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MLB league-wide single season home run record set to fall Tuesday

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NEW YORK (AP) Giancarlo Stanton‘s smacks, Aaron Judge‘s jolts and all those dizzying long balls helped Major League Baseball move another poke closer to the inevitable.

Nearly two decades after the height of the Steroids Era, the sports is on track to break its season record for home runs on Tuesday – and not just top the old mark, but smash it like one of those upper-deck shots that have become commonplace in the Summer of the Slugger.

There were 5,663 home runs hit through Sunday, 30 shy of the record set in 2000.

Juiced balls? Watered-down pitching? Stanton’s renaissance? Sensational starts by Judge and Cody Bellinger?

“I don’t think that we are ever going to have a single explanation for exactly why we’ve see so many,” baseball Commissioner Rob Manfred said. “But players are bigger and stronger. They’re playing a little differently, in terms of the way they swing. Pitchers throw harder. The one thing I remain comfortable with: Nothing about the baseball, according to our testing, is materially different.”

There were 5,610 homers last year, an average of 2.31 per game, and this year’s average of 2.53 projects to 6,143. That would be up 47 percent from 4,186 in 2014.

In just three years, home runs will have increased by 1,957 – an extra 149 miles of long balls at this year’s average home run length of 400 feet, or 15 miles more than the driving distance between Philadelphia’s Citizen’s Bank Park and Washington’s Nationals Park.

“The game has changed,” New York Yankees manager Joe Girardi said. “From when I started, there’s a lot less stolen bases, there’s a lot less bunting, there’s a lot less hitting-and-running. You don’t give outs away, and you let guys swing the bat.”

Already 107 players have hit 20 homers this year, just three shy of the record set last season – and up from 64 in 2015, according to the Elias Sports Bureau.

Along with soaring shots come strikeouts, which will set a record for the 10th consecutive year. There were 36,964 whiffs through Sunday, an average of 8.25 per team per game that translates to 40,099.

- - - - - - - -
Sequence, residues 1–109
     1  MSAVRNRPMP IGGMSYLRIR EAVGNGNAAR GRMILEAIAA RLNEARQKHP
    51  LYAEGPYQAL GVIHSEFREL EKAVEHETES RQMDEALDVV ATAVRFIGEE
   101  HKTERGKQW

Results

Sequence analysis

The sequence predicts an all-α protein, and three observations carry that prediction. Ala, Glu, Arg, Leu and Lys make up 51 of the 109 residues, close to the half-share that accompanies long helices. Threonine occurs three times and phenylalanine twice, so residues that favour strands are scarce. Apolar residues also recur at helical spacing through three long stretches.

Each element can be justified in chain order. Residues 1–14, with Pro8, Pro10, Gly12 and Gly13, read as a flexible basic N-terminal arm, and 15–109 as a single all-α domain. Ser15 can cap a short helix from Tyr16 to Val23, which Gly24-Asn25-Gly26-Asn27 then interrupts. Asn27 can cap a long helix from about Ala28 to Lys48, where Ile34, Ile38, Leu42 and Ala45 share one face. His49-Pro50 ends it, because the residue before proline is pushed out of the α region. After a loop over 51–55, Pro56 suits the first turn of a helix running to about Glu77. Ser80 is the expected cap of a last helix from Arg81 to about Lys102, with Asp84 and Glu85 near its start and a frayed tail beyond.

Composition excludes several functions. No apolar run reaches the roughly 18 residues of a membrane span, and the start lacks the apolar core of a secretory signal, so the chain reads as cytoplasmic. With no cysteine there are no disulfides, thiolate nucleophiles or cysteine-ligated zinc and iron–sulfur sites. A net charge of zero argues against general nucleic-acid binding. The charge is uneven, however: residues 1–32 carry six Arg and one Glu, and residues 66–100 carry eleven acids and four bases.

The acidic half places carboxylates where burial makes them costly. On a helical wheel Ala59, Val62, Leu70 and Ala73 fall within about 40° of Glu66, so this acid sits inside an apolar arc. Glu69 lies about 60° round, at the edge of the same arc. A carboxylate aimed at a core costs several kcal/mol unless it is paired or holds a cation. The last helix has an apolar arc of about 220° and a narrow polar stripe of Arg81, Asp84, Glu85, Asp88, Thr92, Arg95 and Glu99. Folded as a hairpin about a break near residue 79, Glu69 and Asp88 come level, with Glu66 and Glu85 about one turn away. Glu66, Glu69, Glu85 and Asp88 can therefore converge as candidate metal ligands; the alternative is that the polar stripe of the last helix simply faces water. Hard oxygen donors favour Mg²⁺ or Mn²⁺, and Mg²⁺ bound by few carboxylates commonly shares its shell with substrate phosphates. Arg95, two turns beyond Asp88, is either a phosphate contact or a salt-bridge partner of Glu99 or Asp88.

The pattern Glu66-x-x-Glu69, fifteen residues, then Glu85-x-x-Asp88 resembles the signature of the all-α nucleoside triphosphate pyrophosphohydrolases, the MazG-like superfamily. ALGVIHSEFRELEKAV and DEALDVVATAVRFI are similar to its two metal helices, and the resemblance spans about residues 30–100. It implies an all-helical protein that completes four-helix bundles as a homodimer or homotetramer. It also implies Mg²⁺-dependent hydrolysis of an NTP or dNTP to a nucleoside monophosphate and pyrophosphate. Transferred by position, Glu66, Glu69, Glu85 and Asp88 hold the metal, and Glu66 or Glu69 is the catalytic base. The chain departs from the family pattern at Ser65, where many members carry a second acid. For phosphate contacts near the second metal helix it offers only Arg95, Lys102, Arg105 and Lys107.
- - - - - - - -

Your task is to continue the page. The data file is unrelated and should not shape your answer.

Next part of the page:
“The focus is hitting homers and tolerating strikeouts,” Reggie Jackson said. “I don’t really like all the strikeouts, and I was the king.”

Baseball officials are worried about decreasing action and have been alarmed by the strikeout rise. This year’s total is up from 38,982 last year and an increase of nearly 8,000 from the 32,189 in 2007. The strikeout spike coincides with a rise in fastball velocity; four-seamers have averaged 93.2 mph this year, up from 91.9 mph in 2008, according to MLB data.

“These bullpens are making it extremely difficult. From basically the starter on you’re going to have elite, hard-throwing guys that are looking to strike you out every single time,” said Baltimore’s Mark Trumbo, last year’s home run champion. “The game right now is as max effort as I’ve seen it. Guys are throwing harder. At the plate sometimes you have no choice. It’s hard to steer the ball around when it’s 98 miles an hour and up in the zone.”

Jackson set a record with 2,597 career strikeouts, maxing at 171 in 1968. Six players already have reached 171 this year, led by the Yankees’ Judge at 197. He could break Mark Reynolds‘ season record of 223, set in 2009.

“You’d have been on the bench,” Jackson said. “But I don’t know if you set a guy on the bench with 90 RBIs and 40 homers. That’s Judge. You ain’t going to sit that on the bench.”

Steroids fueled the home run surge in the late 1990s and early 2000s, and power subsided after the start of drug testing with penalties in 2004. The home run average dropped in 2014 to its lowest level since 1992, then started rising during the second half of the 2015 season.

MLB has the UMass-Lowell’s Baseball Research Center conduct periodic testing of baseballs and University of Illinois physics professor emeritus Alan Nathan consults as part of quality control. The sport has said repeatedly that baseballs fall within the specifications in the rules.

Manfred isn’t worried some undetectable substance is fueling the new rise.

“I have never said that it’s impossible there’s something out there that we’re missing,” he said. “What I am saying is we’re doing more, more frequently, less predictably, with better testing, and that’s all you can do.”

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Rays to return home following Irma to play Red Sox, Cubs

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NEW YORK (AP) The Tampa Bay Rays will return home to Florida following Hurricane Irma for what is now a truncated five-game homestand against the Boston Red Sox and the Chicago Cubs.

A three-game series against the New York Yankees was moved from Tropicana Field in St. Petersburg to New York’s Citi Field, the home of the Mets. The Rays split the first two games of the series entering Wednesday’s finale.

The Rays said Wednesday they will host the Red Sox as scheduled in a three-game set starting Friday, then the Cubs beginning Tuesday.